At the request of the Crown Investments Corporation of Saskatchewan (CIC), Robertson Stromberg has completed its independent investigation into the legal issues surrounding the troubled SaskPower Smart Meter program. The results of the review were made public at a news conference on October 28, 2014.
Findings included a breakdown in risk assessment, particularly protection against risk of a safety defect. The contract with Sensus limited the rights of SaskPower to claim damages from Sensus where the loss was a result of defective meters.
It was found that SaskPower did not focus sufficiently on the safety qualities of the smart meters. Only after reports of smart meter fires elsewhere did customer safety appear to have become a matter of central importance.
Prior to procurement and installation of Sensus meters, SaskPower received information which should have acted as warning signs. Had they “stood down” the program they could have protected themselves from the economic loss flowing from the safety defect.
There appeared to be a lack of ownership of risk management issues in the early stages of the AMI project, a critical time for risk identification.
The roles and responsibilities of those dealing with external legal counsel were found to need clarification. The relationship between a variety of consultants and the SaskPower legal team may have contributed to a disconnect between those who drafted the contracts and the buyer procurement team. Some members of the project indicated that it was sometimes difficult to know who was a SaskPower employee and who was a consultant. Some key individuals in this process did not appear to have knowledge of critical facts.
SaskPower was encouraged by legal counsel to purchase and install small numbers of meters in order to allow time to judge performance. This advice was not followed.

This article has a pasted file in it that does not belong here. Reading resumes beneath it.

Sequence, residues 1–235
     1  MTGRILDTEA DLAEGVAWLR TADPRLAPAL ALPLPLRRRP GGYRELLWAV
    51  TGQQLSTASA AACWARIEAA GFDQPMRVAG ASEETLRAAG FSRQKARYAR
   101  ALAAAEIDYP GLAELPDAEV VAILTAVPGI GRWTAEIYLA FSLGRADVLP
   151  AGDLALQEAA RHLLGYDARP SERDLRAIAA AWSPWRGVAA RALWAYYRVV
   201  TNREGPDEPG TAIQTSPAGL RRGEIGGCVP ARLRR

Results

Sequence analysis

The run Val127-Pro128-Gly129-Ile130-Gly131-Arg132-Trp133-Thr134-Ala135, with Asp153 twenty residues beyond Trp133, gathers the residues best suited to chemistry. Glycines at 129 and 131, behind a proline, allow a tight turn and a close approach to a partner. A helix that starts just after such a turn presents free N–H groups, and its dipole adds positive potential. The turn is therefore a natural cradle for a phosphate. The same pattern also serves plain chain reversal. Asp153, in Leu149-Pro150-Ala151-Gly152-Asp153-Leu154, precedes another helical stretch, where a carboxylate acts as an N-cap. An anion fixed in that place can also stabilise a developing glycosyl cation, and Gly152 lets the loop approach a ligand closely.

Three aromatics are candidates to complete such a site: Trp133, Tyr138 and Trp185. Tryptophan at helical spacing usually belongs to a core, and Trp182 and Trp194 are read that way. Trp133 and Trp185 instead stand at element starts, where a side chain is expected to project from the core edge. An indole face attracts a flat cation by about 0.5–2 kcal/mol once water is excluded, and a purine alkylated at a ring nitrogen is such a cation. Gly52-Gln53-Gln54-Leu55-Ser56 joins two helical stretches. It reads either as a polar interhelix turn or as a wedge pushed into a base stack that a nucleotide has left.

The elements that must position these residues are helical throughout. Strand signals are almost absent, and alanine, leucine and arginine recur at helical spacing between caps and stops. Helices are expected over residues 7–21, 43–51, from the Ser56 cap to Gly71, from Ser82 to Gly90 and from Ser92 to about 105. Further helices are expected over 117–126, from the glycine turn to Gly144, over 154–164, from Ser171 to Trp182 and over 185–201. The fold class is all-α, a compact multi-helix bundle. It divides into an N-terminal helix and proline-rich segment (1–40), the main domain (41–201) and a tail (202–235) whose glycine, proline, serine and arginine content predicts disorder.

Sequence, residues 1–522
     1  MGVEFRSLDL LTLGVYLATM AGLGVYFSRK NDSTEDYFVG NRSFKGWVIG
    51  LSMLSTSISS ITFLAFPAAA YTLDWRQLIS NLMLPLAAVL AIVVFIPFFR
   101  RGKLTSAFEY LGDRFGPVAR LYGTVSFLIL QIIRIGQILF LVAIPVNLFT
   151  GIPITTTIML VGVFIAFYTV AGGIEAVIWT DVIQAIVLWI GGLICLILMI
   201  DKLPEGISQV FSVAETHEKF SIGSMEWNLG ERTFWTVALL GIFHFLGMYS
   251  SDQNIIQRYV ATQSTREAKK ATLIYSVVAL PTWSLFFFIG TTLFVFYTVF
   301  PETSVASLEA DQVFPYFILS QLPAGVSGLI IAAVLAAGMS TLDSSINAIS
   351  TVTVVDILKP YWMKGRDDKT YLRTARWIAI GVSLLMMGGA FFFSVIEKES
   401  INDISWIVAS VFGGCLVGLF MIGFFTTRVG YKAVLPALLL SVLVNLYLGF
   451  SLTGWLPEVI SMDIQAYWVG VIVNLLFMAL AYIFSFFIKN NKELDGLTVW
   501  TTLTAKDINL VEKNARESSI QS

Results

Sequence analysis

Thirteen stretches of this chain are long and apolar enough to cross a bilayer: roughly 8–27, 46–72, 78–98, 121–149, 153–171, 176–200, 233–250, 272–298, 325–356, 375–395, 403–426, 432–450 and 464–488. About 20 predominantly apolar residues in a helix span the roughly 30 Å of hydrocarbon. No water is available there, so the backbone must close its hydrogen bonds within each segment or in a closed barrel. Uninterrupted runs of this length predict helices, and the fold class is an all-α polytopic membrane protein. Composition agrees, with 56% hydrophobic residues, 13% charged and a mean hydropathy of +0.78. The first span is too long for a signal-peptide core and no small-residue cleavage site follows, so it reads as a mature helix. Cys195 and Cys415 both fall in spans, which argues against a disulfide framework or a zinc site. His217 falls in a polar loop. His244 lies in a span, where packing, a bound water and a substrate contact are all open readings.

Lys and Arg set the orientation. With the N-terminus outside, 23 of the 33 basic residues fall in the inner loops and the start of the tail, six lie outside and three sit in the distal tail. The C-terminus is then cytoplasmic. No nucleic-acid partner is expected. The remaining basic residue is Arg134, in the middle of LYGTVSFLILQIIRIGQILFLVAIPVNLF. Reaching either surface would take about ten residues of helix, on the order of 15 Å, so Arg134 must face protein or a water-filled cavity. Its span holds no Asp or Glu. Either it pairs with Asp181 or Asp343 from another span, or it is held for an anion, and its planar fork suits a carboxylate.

In preparing this report, the Robertson Stromberg team reviewed thousands of pages of contracts, reports, emails and general documentation. In addition, the law firm interviewed 20 employees and consultants of SaskPower, and used its own resources for contract review and information gathering. Gary Young, RS group leader, spoke at the news conference on behalf of the RS team who worked on this project including M. Kim Anderson, Jared Epp, Dustin Gillanders, and Kelsey Burke.
Misty Alexandre and Bill Preston will again be presenting sessions at the Saskatoon Construction Association’s workshop Construction 101: A Comprehensive Introduction to the Construction Industry. The aim of the course is to provide new and existing construction workers with the basic tenets of the construction industry.
Misty will speak on “Legal Matters – Basic Principles and Typical Contract” and Bill will address “Tendering, Bidding and Award of Contracts – Calling and Receiving of Bids.
The seminar will take place at Prairieland Park on October 29.
Jennifer Pereira will again be offering advice to UofS College of Law students on how to present themselves outside the classroom. Her session, Finishing School: Etiquette Lessons for Life Outside the Classroom, will be a primer on etiquette for receptions and dinners, including introductions, dining skills, appropriate dress, posture and grooming. Jenn will be at the College in Room 150 on November 5, 1:00-2:00 pm.
The current issue of the University of Saskatchewan’s College of Law magazine of Note showcases the volunteer work of graduates of the college. Among those profiled, and featured on the cover, is Robertson Stromberg’s Candice Grant.
Candice has been a member of the board of directors for CHEP Good Food Inc. for more than four years including her current role as board chair. In the article Candice talks about the many positive programs that CHEP is involved in to help improve access to good food and promote food security in our community. She sees the direct influence of programs such as community gardens and the collective kitchen program. She also has witnessed CHEP’s move to Station 20 West adding to the many benefits offered at that location.
Candice’s commitment to volunteerism extends beyond CHEP as she has been a big sister with Big Brothers and Big Sisters of Saskatoon, is on the board of the Saskatoon Public Library and is the chair of the School Community Council at Dundonald School.
In the article Candice acknowledges Robertson Stromberg’s tradition of community support. She says the firm “is always very supportive of lawyers who want to give back to the community”.
Candice is proud to be a part of organizations that do good work in our community and we are proud of the role she chooses to play outside her busy practice.
The Basics of Estate Litigation: Claims under The Family Property Act andThe Dependants’ Relief Act, 1996 and Challenges to Testamentary Documents
Presented in October 2014 by Sean Sinclair and Curtis Onishenko for the Saskatchewan Trial Lawyers’ Association.